Determining how neurons are correctly specified and assembled into functional circuits will provide insight into developmental disorders of the nervous system and may suggest therapeutic approaches to promote nerve regeneration. Slit and Netrin, and their Robo and Fra/DCC receptors, are evolutionary conserved families of signaling molecules that play important roles in regulating neuronal development; however, the understanding of how these receptors are regulated and how they signal to direct axon growth and guidance is incomplete. These are important questions because perturbations of these signaling pathways are implicated in diseases of nervous system development. Slits, Netrins and their receptors also play essential roles outside of the nervous system and disruptions of these pathways are associated with several kinds of cancer. Our research program focuses on three broad areas related to the roles and regulation of these molecules in neuronal development using the genetically tractable Drosophila embryonic nervous system as a model. First, we are working to define functional and molecular links between conserved transcriptional regulators that impart neuronal subtype identity and the Robo and Fra/DCC receptors that coordinate axon guidance and dendrite morphogenesis in response to Slit and Netrin. Here, we will use genetic and molecular screening approaches, including Fluorescence Activated Cell sorting (FACs) of defined subsets of motor neurons, together with transcript profiling in wild type and mutant backgrounds, to systematically identify additional effectors of these transcriptional programs. Second, we are characterizing a newly discovered mechanism through which the Frazzled/DCC receptor intracellular domain (ICD) itself can act in the nucleus as a transcriptional activator to regulate commissureless expression to ensure that commissural axons avoid premature responses to midline repellent Slit. Here, we will use genetic and molecular approaches to identify factors that cooperate with the Fra ICD to regulate transcription and transcript profiling methods to identify additional targets of the Fra ICD. In addition, we will explore whether signaling from the nucleus is a common property of axon guidance receptors and through collaboration we will test if this is a conserved property of guidance receptors. Third, we are determining the molecular mechanisms underlying Robo and Fra/DCC receptor signaling during axon guidance using molecular, genetic, biochemical and cell biological approaches. Specifically, we use in vivo genetic manipulation, together with fluorescently tagged receptors and reporters of signaling molecule activity in vitro, to define the cell biological outputs of receptor activation with sub-cellular resolution. Our research program will define new concepts in the molecular biology of axon guidance, inform studies of related proteins in mammalian systems and will likely enhance our understanding of neural developmental disorders.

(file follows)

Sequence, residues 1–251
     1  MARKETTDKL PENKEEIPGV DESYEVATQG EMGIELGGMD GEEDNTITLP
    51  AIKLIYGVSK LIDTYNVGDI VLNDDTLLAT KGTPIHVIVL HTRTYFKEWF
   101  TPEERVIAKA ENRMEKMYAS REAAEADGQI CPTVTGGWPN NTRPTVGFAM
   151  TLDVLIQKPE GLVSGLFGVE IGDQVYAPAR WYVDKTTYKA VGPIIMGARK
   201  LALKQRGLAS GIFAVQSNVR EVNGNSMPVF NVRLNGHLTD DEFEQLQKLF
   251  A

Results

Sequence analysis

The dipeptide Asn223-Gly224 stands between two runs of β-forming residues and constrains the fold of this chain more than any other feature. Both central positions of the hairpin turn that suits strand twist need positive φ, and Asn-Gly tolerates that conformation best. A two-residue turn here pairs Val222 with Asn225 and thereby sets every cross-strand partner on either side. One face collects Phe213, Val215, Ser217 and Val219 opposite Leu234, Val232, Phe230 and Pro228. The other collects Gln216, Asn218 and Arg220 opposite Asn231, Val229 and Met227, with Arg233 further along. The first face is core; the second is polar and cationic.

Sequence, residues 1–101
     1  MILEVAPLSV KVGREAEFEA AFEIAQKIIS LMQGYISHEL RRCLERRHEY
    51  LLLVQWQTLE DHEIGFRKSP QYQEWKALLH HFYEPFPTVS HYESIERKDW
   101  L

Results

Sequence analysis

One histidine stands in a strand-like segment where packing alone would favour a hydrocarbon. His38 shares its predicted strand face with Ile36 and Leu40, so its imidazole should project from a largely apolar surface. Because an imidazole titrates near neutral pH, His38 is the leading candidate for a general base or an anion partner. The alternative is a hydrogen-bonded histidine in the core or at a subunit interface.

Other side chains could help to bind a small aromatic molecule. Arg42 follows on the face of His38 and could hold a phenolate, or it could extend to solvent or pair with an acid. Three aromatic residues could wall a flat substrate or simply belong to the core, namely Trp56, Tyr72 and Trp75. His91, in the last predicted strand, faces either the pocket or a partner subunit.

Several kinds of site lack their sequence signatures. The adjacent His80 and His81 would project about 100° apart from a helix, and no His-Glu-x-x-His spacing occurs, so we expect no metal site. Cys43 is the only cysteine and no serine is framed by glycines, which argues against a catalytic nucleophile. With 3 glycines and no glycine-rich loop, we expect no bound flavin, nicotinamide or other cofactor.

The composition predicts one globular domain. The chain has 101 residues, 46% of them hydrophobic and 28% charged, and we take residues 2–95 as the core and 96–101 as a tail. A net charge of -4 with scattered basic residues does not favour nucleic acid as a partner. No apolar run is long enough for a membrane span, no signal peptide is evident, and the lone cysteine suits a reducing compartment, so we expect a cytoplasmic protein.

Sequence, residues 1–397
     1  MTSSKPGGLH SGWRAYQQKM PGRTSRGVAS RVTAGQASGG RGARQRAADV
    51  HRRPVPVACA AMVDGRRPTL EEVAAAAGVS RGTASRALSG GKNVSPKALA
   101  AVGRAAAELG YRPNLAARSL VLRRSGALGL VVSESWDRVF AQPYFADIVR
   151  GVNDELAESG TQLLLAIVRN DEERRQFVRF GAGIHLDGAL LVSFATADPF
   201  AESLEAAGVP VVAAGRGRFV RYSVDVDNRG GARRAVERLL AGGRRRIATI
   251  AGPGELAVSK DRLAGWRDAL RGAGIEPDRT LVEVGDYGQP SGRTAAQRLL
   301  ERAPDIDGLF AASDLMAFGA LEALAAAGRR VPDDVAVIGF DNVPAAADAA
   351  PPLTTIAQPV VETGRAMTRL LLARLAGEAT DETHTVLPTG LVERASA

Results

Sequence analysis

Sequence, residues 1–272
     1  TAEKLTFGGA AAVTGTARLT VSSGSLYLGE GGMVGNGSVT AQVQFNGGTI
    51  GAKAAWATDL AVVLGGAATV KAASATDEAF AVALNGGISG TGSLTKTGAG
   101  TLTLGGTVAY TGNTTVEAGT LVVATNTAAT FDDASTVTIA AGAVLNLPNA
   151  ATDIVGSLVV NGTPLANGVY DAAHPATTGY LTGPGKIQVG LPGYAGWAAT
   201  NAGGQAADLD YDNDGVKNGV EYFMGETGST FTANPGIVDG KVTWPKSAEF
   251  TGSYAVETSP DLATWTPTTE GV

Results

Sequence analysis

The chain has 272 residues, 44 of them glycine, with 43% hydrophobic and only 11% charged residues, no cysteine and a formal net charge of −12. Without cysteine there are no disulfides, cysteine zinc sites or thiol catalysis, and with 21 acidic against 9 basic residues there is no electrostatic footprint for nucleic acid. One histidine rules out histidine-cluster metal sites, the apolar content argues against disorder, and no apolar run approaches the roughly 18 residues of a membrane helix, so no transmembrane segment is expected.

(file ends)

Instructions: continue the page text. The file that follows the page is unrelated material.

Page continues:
Public Health Relevance

Understanding how neurons are correctly assembled into functional circuits will provide critical insight into developmental disorders of the nervous system and may inform strategies to promote neuronal repair in cases of injury or disease. The current knowledge of the molecular genetic pathways that control neuronal development is incomplete. Our research program addresses three major questions related to the assembly of neural circuits: 1) How do transcription factors that control neuronal subtype identity coordinate the expression of axon guidance molecules that control wiring specificity? 2) What are the signaling mechanisms that allow conserved families of guidance receptors to control direction-selective axon growth and targeting? 3) How do navigating axons coordinate their responses to the diverse array of cues present during development to ensure assembly of functional circuits? Disruption of the function of many axon guidance molecules has been implicated in a number of human neuronal developmental disorders, as well as in various kinds of cancer. Thus, understanding the signaling mechanisms of these molecules in the context of normal development will be instrumental in understanding how their perturbation leads to pathogenesis.

Agency
National Institute of Health (NIH)
Institute
National Institute of Neurological Disorders and Stroke (NINDS)
Type
Unknown (R35)
Project #
5R35NS097340-02
Application #
9394040
Study Section
Special Emphasis Panel (ZNS1)
Program Officer
Riddle, Robert D
Project Start
2016-12-15
Project End
2024-11-30
Budget Start
2017-12-01
Budget End
2018-11-30
Support Year
2
Fiscal Year
2018
Total Cost
Indirect Cost
Name
University of Pennsylvania
Department
Neurosciences
Type
Schools of Medicine
DUNS #
042250712
City
Philadelphia
State
PA
Country
United States
Zip Code
19104
Santiago, Celine; Bashaw, Greg J (2017) Islet Coordinately Regulates Motor Axon Guidance and Dendrite Targeting through the Frazzled/DCC Receptor. Cell Rep 18:1646-1659
Hernandez-Fleming, Melissa; Rohrbach, Ethan W; Bashaw, Greg J (2017) Sema-1a Reverse Signaling Promotes Midline Crossing in Response to Secreted Semaphorins. Cell Rep 18:174-184